Lower back 0.22 0.05 0.03 0.03 0.02 0 – 0.01 0.43 0.06 0 – 0.01 0.30 0.12 0.01 0 0.16 0.16 0.03 0.01 0.09
Hips/thighs 0.06 0 – 0.01 0.30 0.20 0.04 0.02 0.05 0.17 0.03 0.02 0.08 0.10 0.01 – 0.01 0.22 0.002 0 – 0.01 0.49
Knee 0.06 0 – 0.01 0.32 0.05 0 – 0.01 0.33 0.03 0 – 0.01 0.40 0.03 0 – 0.01 0.40 0.06 0 – 0.01 0.32
Ankles/feet 0.11 0.01 0 0.18 0.12 0.01 0 0.16 0.13 0.02 0 0.15 0.08 0.01 – 0.01 0.27 0.13 0.02 0 0.15

r = Pearson correlation coefficient; R2: Squared multiple correlation coefficient; R2ADJ: Adjusted coefficient of determination; p < 0.05

Significant correlation was found between neck pain and number of working hours per week (r = 0.27; p < 0.05) and per day (r = 0.30; p < 0.01).

Shoulder pain was significantly correlated with number of years of experience (r = 0.28; p < 0.01) and number of working hours per week (r = 0.20; p < 0.05).

Upper back pain was significantly correlated with number of years of experience (r = 0.23; p < 0.05), number of working hours per week (r = 0.29; p < 0.01), number of working hours per day (r = 0.34; p < 0.01), and number of patients per day (r = 0.23; p < 0.05).

Elbows pain was significantly correlated with number of working hours per week (r = 0.23; p < 0.05) and number of working hours per day (r = 0.31; p < 0.01). Whereas lower back pain was significantly correlated only with number of years of experience (r = 0.22; p < 0.05), hips and thighs pain were significantly correlated with number of working hours per week (r = 0.20; p < 0.05).

DISCUSSION

The current study aimed to determine the prevalence of MSDs among dentists in working in Al-Madinah and to find possible correlation between the prevalence of MSDs and different risk factors.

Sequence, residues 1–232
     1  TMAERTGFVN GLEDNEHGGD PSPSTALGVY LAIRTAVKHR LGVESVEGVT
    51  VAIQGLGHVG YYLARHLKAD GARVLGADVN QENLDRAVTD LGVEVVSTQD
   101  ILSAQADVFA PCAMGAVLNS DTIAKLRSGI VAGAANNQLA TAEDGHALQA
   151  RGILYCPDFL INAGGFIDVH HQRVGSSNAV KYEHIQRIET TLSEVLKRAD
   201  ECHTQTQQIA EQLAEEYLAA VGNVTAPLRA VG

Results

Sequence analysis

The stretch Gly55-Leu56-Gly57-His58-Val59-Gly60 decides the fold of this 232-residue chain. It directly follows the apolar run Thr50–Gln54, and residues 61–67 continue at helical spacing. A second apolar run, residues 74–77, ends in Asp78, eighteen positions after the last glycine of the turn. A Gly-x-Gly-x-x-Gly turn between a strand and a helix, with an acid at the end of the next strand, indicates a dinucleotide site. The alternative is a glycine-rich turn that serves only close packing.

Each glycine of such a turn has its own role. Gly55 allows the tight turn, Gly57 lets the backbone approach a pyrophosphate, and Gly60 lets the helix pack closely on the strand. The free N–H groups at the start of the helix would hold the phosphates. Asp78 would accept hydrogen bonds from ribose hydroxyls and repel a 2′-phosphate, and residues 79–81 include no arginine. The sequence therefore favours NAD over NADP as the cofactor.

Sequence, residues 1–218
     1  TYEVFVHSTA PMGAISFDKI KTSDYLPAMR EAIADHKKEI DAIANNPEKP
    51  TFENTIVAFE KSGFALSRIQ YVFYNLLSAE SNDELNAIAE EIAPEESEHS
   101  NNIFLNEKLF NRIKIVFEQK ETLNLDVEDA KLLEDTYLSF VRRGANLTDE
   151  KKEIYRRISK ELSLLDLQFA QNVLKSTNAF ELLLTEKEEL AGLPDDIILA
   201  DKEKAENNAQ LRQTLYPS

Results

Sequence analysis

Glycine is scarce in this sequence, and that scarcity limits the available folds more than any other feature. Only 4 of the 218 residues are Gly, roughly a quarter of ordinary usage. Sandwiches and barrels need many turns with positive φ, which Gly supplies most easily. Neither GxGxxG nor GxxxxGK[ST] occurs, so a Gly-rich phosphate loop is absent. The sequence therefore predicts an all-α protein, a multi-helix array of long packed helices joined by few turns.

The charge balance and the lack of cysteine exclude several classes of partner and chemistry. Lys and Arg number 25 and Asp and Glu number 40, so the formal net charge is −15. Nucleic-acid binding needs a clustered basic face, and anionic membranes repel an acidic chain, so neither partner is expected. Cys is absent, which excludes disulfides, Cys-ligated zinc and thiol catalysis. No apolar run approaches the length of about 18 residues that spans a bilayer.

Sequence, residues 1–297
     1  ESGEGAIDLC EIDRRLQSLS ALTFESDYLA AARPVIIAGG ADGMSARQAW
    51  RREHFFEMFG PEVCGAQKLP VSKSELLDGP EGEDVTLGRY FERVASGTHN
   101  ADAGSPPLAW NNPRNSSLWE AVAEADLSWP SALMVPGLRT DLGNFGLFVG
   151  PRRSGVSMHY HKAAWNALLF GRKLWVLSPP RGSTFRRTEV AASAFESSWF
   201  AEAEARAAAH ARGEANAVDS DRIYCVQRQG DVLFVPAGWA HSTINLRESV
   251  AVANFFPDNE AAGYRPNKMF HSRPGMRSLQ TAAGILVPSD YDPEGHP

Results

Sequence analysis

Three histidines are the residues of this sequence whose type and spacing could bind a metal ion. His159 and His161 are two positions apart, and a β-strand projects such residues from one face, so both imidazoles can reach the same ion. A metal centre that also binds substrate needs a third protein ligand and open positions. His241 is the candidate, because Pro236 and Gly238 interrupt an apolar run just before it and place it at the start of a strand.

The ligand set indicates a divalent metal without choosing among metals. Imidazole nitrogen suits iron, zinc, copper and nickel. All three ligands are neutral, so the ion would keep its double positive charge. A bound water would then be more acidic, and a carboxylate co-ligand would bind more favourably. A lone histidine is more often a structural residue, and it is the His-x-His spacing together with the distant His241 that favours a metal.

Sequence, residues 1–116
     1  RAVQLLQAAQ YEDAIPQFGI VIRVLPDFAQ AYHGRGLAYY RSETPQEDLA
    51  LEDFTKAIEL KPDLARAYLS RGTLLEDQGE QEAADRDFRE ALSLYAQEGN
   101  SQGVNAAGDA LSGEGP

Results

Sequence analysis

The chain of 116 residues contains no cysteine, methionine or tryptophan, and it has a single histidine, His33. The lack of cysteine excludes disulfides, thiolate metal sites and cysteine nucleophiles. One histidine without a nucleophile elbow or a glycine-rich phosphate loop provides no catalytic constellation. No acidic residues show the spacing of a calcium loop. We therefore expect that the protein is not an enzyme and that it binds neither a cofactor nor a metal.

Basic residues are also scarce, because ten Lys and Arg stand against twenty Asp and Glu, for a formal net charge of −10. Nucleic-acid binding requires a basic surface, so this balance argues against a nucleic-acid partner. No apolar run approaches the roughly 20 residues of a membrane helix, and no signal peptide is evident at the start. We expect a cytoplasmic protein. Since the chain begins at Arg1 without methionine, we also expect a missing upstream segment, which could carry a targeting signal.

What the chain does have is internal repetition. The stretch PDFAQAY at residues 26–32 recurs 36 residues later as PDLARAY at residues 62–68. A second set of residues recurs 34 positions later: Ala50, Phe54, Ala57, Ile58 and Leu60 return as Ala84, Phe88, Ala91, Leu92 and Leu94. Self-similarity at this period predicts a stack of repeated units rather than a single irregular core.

The findings of this study showed that the frequency of pain and discomfort in the lower back, neck, and shoulders was relatively high. This finding is similar to those reported by Acharya et al,11 Abduljabbar,12 and Leggat and Smith.13

Lower back pain was the most common (65.7%) followed by neck pain (48.6%) and shoulder pain (45.7%). However, in the last 12 months the prevalence of lower back pain (65.7%) was found to be similar to that reported for Taiwanese (66.5)18 and higher than that reported by Acharya et al11 (52.4%) for Nepalese, Abduljabbar12 (52.1%) for Saudis in Riyadh, and Leggat and Smith13 (53.7) for Australians.

The prevalence of neck pain was the second most commonly reported pain among dentists in Al-Madinah (48.6%). This is less than that reported by Acharya et al11 (52.4%) in Nepal, Al Wazzan et al10 (65 %) and Abduljabbar12 (67.9%) for Saudis, Leggat and Smith13 (57.5%) for Australians, and Lin et al18 (66.5%) for Taiwanese, but higher than that reported by Ratzon et al17 (38.3%) for Israelis.

The prevalence of shoulder pain was found to be 45.7%. This is similar to those reported by Acharya et al11 (49.5%),11 and less than those observed by Leggat and Smith13 (53.3%), and Lin et al18 (75.1%) for Taiwanese.